NEW YORK (
TheStreet) -- U.S. stocks staged a huge rally Friday as investors cheered the progress being made at the latest Europe Union summit on concrete measures to address the region's debt crisis.
Trading was volatile across a swath of asset classes with gold jumping more than $50 to breach $1600 an ounce, oil making a convincing break back above $80 a barrel, bonds selling off sharply and the dollar tumbling more than 1% against a basket of foreign currencies.
Dow Jones Industrial Average soared nearly 278 points, or 2.2%, to close at 12,880. The blue-chip index rose 1.9% for the week and finished June with a gain of nearly 4%. Despite a 2.5% decline in the calendar second quarter, the Dow is now up 5.4% so far in 2012.
S&P 500 surged 33 points, or 2.5%, to finish at 1362, right at its high for the day. The benchmark index advanced 2% for the week, putting it up 4% for the month. Although the S&P 500 fell 3.3% during the quarter, it's appreciated 8.3% year-to-date.
jumped close to 86 points, or 3%, to settle at 2935, logging its fourth-straight weekly gain. The index booked a 1.5% rise for the week and added 3.8% in June. For the year, the Nasdaq is up 12.7% but it lost 5% in the calendar second quarter.
The three major averages managed to record their first concurrent June gains since 2004.
Within the Dow, 29 of the 30 components finished higher, led by
Bank of America
, all of which gained more than 3%.
was the only blue chip to close in negative territory. The bank's stock dipped nominally, extending Thursday's decline after a media report said losses from its bad trade on credit derivatives could reach as high as $9 billion.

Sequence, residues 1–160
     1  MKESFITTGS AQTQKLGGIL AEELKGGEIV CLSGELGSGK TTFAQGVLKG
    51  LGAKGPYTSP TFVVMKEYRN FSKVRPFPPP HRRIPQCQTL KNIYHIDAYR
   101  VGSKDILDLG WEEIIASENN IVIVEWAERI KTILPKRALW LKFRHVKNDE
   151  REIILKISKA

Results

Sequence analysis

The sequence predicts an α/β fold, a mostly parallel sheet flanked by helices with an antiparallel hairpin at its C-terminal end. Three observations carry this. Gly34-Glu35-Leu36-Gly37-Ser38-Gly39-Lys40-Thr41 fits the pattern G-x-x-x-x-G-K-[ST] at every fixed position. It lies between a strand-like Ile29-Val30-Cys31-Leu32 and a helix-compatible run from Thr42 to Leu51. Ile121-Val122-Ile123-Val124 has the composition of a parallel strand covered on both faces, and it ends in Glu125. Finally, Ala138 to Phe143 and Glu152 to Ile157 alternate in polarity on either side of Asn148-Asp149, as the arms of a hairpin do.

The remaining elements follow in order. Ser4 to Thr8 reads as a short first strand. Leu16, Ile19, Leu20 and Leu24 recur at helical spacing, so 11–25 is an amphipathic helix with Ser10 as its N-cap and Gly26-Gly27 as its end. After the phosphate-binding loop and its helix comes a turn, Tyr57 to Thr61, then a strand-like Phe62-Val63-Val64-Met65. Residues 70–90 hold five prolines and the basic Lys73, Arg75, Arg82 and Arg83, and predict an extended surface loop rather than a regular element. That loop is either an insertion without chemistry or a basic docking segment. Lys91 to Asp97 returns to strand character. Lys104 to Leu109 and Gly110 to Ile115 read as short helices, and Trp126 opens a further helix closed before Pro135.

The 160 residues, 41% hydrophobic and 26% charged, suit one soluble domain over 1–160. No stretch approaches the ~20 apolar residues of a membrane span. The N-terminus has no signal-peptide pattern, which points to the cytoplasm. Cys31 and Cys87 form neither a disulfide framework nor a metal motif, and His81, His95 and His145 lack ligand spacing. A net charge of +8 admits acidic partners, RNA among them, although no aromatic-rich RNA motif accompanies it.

All ten large-cap sectors advanced with basic materials, capital goods, conglomerates, energy and technology clocking in as the strongest performing sectors.
Gainers outpaced losers by a ratio of more than 6-to-1 on the New York Exchange and more than 5-to-1 on the Nasdaq.
Europe's leaders agreed overnight to take action to reduce Italy and Spain's borrowing costs and relax rules on tapping into bailout funds to boost the troubled Spanish banking system. They also revealed a $149 billion economic growth plan for the eurozone.
"Several things did occur which are worth not dismissing outright," said Dan Greenhaus, chief global strategist at BTIG. But "as we have long said that the only 'real' means by which to end this crisis certainly involves a euro TARP (Troubled Asset Relief Program) style program; we are yet again a bit disappointed."
"The key issue," said Marty Leclerc, chief investment officer at Barrack Yard Advisors, is that "Europeans haven't decided what it ultimately means to live in euro-land, and in order for a euro-land to exist as a union, the politicians have to figure out a way of dealing with the imbalances that a union creates."
Jeffrey Sica, manager of SICA Wealth Management, said right now he maintains short positions in most U.S. equity indices on concerns of declines in stocks attributable to the interdependence between U.S. and European banks. However, "we will avoid increases in short positions on the U.S. equity market due to the likelihood that our central bank will use the promise of more liquidity to stabilize stock prices."